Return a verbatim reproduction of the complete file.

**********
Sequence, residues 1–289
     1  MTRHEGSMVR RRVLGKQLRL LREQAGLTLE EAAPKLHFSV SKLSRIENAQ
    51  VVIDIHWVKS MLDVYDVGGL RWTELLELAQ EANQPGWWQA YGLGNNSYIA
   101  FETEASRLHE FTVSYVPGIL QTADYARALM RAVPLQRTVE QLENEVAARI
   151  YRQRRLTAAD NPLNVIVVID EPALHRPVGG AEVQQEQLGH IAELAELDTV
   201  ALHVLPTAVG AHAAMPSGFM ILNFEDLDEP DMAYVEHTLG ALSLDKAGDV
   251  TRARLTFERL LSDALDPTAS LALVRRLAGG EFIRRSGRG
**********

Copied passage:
Sequence, residues 1–289
     1  MTRHEGSMVR RRVLGKQLRL LREQAGLTLE EAAPKLHFSV SKLSRIENAQ
    51  VVIDIHWVKS MLDVYDVGGL RWTELLELAQ EANQPGWWQA YGLGNNSYIA
   101  FETEASRLHE FTVSYVPGIL QTADYARALM RAVPLQRTVE QLENEVAARI
   151  YRQRRLTAAD NPLNVIVVID EPALHRPVGG AEVQQEQLGH IAELAELDTV
   201  ALHVLPTAVG AHAAMPSGFM ILNFEDLDEP DMAYVEHTLG ALSLDKAGDV
   251  TRARLTFERL LSDALDPTAS LALVRRLAGG EFIRRSGRG